13. Concentrate resources. There must be a group with enough credibility and passion to say what are the five or six things we are going to focus resources on. Are these innovation spaces such as Cambridge (Harvard and MIT) or Silicon Valley (Stanford) replicable? To begin with, the answer is yes, but not 10 times in the same country. And less in a small-scale country.

14. Align political, business, university and social wills in the long term. We have collaborations in some places where the political, business, university and social systems agree that it is a matter of the country and the future, and if these forces are aligned, it can work. We have projects in Russia, Singapore, Abu Dhabi, even in Portugal, and we believe that the replicability of our environment is very long-term. What happens now is that politicians from any country come to you, visit the Media Lab and ask you: how do I do this in my country? Well, you don't have it tomorrow. If we talk to 20 years, maybe there is an opportunity. And then they disconnect. We do not have a machine to transfer innovation.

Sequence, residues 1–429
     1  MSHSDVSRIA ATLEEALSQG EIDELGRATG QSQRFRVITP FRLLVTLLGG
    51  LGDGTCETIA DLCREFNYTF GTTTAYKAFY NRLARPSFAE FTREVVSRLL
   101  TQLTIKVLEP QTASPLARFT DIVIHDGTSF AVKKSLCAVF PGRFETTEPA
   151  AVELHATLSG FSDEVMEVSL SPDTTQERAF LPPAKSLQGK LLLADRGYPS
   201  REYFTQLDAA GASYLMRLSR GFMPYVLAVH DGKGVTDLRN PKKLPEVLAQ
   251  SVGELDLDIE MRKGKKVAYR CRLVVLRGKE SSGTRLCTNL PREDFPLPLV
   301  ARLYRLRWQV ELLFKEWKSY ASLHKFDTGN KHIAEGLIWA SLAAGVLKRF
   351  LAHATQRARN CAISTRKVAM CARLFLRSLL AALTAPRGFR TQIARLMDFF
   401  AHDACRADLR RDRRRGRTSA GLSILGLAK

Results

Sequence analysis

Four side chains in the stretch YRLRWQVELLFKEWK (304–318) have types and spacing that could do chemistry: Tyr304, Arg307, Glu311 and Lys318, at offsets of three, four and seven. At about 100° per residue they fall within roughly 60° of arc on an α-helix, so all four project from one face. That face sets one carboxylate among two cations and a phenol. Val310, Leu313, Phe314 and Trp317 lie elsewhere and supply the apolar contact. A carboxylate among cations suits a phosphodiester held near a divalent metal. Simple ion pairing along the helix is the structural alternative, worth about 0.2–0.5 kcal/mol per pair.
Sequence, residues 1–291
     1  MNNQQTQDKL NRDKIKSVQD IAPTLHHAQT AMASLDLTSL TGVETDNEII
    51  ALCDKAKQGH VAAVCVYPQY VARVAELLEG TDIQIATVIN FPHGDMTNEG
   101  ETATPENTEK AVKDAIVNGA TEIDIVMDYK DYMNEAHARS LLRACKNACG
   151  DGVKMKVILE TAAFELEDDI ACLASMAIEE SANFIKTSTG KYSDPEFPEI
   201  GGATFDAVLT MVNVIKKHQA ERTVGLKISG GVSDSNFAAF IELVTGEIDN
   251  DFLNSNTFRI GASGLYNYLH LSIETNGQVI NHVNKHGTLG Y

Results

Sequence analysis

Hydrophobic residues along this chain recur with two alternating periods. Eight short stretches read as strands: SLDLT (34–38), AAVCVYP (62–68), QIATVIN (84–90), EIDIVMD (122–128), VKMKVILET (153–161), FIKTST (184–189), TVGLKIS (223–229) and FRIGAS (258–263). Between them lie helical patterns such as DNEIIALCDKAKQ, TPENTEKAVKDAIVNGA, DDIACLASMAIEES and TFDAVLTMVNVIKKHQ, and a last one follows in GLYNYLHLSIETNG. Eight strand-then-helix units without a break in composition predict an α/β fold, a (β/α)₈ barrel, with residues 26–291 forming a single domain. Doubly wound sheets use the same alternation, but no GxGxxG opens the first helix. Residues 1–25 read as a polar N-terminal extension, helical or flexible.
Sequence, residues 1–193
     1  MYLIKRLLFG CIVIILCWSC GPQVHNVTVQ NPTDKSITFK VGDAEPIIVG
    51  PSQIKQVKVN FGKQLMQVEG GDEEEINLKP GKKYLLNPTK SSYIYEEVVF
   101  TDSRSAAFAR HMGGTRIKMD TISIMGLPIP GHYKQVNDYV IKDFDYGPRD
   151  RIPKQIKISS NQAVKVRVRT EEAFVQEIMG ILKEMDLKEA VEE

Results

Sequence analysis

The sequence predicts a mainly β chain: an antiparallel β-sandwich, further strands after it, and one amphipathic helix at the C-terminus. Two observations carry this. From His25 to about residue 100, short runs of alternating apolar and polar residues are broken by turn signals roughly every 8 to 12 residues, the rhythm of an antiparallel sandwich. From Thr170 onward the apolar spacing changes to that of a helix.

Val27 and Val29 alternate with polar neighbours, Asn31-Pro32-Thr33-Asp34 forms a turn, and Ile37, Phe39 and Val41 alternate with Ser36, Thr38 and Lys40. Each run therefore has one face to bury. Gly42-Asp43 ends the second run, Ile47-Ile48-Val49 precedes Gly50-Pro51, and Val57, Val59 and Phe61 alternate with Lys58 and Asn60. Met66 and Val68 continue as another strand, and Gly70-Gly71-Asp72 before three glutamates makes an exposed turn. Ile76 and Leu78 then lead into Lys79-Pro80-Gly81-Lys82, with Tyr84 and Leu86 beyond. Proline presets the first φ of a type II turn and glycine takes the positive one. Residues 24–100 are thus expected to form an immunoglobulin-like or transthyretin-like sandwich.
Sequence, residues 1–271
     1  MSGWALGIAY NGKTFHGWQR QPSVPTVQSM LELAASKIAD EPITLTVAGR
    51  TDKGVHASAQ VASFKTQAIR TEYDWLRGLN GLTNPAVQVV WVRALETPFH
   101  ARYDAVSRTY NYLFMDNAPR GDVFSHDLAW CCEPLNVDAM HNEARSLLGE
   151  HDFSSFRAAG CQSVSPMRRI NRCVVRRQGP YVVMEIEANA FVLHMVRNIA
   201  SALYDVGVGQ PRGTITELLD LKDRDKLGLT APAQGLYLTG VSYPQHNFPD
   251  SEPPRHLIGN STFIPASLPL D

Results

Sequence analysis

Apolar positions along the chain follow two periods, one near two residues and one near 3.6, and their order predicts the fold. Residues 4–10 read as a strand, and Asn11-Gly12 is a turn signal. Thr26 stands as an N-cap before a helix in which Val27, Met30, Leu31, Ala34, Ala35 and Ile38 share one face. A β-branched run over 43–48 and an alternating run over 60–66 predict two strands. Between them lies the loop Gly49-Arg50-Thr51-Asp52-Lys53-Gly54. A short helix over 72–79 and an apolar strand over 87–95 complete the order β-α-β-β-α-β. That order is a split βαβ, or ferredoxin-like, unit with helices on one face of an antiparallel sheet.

15. Focus on the future. From our point of view, digital technologies and education using those technologies tend to a Christensen-like model, that if someone executes it well, residential education still becomes a niche market. Another focus is nanotechnology and what it offers to life sciences, to biology, to physics. This is another very important area of ​​investment. And the third thing is to try to contribute to medicine, health, to further improve human health. With components of access to food, access to water, disease. In the coming years we will launch initiatives in these fields.

Taken from the interview with Israel Ruiz in the newspaper El País